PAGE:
Digitization is finding its way into all areas of industry and business, including law. How did you manage to establish yourself as a reliable and competent contact for law firms and legal departments in this field?
I was in a special position from the start. On the one hand, I’m a founder and partner of one fully digitized law firmwho works very efficiently and in a modern way and on the other hand I run a company that specializes in the digitization of law firms and legal departments in companies. We advise and support law firms, but we also develop our own software and special legal tech products.
So I know both the lawyer and the entrepreneur’s point of view. The law firms that we advise and support really appreciate being able to talk to a colleague from lawyer to lawyer and at the same time get the input and the perspective of an IT entrepreneur.
The Covid-19 pandemic has affected and weakened many industries here. What effects does the crisis have on legal advice and, in particular, on digitization efforts in the industry?
Corona has shown with brutal clarity how important it is to be well positioned digitally. This ranges from electronic files and paperless office organization to mobile workstations and flexibility for employees. The lawyers who recognized this early on now have a decisive competitive advantage. Since the clients are now often in the home office, data protection-compliant, digital communication is essential. Only if you can work anywhere and on the move will that keep a law firm or legal department running permanently.
Since face-to-face contact should be avoided whenever possible, the importance of video and telephone meetings has grown enormously. In order for this to work and to comply with data protection regulations, the appropriate technology must be available on the one hand and how the medium is used must be clear on the other. Many lawyers had some catching up to do.
I think the pandemic gave digitization a big boost. Now it will be a matter of consistently pressing ahead with relevant projects.
Given the current events, when is the right time for me as a partner in a law firm to tackle the topic of digitization?
The earlier you tackle the subject, the better. Many colleagues have put it off in recent years and shied away from investments. Now it is high time to set the right course. The increasing electronic legal communication with the courts and the special, electronic attorney’s mailbox (beA) also increase the pressure to act.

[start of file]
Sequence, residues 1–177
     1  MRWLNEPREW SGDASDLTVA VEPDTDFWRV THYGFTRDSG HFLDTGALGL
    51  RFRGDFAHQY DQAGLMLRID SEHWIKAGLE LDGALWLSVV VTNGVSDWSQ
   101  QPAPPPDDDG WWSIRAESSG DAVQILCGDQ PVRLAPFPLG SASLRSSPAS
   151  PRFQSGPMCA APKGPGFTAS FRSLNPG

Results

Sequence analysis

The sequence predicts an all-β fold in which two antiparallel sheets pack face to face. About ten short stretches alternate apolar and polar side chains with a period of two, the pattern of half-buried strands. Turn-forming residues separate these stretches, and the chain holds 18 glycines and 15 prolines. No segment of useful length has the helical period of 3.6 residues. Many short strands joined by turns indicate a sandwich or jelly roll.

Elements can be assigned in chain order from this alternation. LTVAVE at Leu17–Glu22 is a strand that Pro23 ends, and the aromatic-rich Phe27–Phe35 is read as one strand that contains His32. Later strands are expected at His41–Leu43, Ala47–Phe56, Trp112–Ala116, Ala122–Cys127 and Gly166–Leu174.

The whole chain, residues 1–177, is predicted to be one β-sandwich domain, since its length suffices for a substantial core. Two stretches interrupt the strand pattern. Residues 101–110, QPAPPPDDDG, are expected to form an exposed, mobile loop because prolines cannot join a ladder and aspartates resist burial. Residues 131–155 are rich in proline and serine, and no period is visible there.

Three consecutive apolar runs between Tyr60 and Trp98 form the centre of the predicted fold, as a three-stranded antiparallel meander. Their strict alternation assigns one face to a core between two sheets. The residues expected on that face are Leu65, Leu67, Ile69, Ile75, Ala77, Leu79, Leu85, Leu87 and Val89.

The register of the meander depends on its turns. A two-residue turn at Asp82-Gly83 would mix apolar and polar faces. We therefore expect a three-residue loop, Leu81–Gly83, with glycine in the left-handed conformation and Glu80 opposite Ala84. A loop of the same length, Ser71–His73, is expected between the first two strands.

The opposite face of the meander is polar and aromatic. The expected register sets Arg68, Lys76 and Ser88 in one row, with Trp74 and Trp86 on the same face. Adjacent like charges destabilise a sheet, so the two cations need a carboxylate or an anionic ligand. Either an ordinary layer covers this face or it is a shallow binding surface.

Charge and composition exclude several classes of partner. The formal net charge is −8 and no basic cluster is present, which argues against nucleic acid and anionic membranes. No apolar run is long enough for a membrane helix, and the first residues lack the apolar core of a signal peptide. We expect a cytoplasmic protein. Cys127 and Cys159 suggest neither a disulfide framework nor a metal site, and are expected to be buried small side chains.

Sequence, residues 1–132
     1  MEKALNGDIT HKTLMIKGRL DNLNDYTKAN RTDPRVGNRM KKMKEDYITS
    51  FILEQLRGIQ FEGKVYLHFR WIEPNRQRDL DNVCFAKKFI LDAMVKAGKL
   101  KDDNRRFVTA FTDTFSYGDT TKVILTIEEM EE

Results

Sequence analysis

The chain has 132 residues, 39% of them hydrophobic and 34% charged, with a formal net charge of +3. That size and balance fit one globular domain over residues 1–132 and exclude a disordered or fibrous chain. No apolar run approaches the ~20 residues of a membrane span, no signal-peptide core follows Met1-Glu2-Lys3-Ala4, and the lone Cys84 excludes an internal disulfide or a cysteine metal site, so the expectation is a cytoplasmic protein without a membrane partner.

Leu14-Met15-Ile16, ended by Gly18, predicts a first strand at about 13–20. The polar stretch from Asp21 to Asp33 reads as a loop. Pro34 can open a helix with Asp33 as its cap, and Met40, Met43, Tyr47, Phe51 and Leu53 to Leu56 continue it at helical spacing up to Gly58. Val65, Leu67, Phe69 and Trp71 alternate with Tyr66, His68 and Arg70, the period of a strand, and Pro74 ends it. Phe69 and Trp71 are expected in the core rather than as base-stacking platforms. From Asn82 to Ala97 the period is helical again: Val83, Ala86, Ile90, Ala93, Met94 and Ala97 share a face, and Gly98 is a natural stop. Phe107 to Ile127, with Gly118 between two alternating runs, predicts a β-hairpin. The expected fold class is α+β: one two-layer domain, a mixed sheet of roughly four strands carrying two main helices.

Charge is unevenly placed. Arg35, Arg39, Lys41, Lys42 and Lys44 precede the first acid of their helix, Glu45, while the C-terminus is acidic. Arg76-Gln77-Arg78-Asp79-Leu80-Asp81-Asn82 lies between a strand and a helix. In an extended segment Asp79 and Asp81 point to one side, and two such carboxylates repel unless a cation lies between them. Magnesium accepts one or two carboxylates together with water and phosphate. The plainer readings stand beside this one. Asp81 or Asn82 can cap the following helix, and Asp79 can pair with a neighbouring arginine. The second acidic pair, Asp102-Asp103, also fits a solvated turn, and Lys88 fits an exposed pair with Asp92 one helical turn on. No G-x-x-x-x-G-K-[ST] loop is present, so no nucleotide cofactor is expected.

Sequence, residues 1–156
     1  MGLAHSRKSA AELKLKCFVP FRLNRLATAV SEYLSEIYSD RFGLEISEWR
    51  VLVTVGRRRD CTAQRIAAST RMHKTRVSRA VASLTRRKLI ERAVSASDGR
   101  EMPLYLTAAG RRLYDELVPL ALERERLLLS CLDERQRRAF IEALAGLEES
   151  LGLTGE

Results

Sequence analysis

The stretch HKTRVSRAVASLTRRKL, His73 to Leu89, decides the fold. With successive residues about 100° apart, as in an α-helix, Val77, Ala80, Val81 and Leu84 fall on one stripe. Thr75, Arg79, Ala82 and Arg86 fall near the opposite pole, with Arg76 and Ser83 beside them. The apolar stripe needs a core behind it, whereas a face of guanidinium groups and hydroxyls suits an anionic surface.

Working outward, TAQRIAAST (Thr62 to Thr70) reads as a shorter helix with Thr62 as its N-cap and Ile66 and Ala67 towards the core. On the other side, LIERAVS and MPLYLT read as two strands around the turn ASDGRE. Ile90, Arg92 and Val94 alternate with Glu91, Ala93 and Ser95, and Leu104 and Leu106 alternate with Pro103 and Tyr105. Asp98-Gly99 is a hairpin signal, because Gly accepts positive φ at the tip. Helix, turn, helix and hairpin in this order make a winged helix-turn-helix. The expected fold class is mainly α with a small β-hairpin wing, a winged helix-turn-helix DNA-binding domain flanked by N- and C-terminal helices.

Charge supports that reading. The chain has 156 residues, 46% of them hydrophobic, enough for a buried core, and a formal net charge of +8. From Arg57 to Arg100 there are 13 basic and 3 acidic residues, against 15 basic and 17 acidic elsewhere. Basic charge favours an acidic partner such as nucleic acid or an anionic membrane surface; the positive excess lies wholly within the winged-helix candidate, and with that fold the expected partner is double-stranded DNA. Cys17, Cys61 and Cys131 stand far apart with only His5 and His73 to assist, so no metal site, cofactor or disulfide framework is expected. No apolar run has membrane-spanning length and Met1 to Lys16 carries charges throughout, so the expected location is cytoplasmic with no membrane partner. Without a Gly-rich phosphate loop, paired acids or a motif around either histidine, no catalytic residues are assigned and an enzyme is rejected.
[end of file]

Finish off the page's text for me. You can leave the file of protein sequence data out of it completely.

It is important to look at the law firm or the legal department as a whole, adapt the processes and create a resilient structure. A new scanner is not enough, the entire organization has to be set up digitally. If you don’t do it right, you will quickly get a bloody nose.
As a lawyer, managing director, certified data protection officer and digitization expert, you can rely on a wide range of expertise. What is it that drives you?
Digitization and Legal Tech is like a big playground for me. If you are open and want to play, you can have a lot of fun and make new friends. It’s a huge opportunity that everyone should take advantage of and one that offers endless possibilities.
I always find it great to see the law firms we work with dive into the world of digital legal advice and develop further. It is important for our society that lawyers, as an independent body responsible for the administration of justice, have their finger on the pulse of the times and can efficiently offer their clients the best possible service. It’s nice when we can do our part.
What challenges is the digitalization of legal advice facing in general and how do you assess the future of the industry?
In my opinion, our industry is facing a major and profound change. It’s horrifying at times how stoic some lawyers are. The Digitization of legal advice and legal tech are not only reflected in digital work processes and electronic files, but more and more new competitors are also entering the market. These so-called alternative legal service providers are very successful in competing law firms for market shares and they are developing quickly. In consumer law in particular, digital business models are becoming increasingly established and acceptance among clients is growing.
The lawyer is no longer the undisputed provider of legal advice and the first point of contact. In many areas it is simply no longer important to the client that he is sitting across from a lawyer in a fancy law firm. He wants a solution to his problem and that with minimal cost and effort.
Lawyers have to learn to rethink and make their services available online, for example, and use digital services. This must then also be reflected in the price structure. The billing of legal work on an hourly basis or according to the statutory remuneration regulations is often difficult to get along with the new, digital possibilities. New models will have to be found here that are attractive to both the lawyer and the client.
Of course, going to the lawyer won’t go away entirely in the foreseeable future. There are simply situations in which the lawyer is the first choice and point of contact. Let’s take an example: in the future, many will use digital services to have a speed camera photo checked. But when a company takeover is pending or the woman wants a divorce and has taken the children with her, many clients want to see a real person in front of them, whom they trust and who stands up for them. The personal relationship is important sometimes. Nevertheless, the mandate can then be processed electronically and supported digitally.
Lawyers should focus on what they can do better than computers and algorithms. Those who manage to pick up their clients from where they stand, find a common language with them and offer them a simple, convenient and quick solution, will continue to exist in the future. All others will not be able to maintain the status quo in the long term.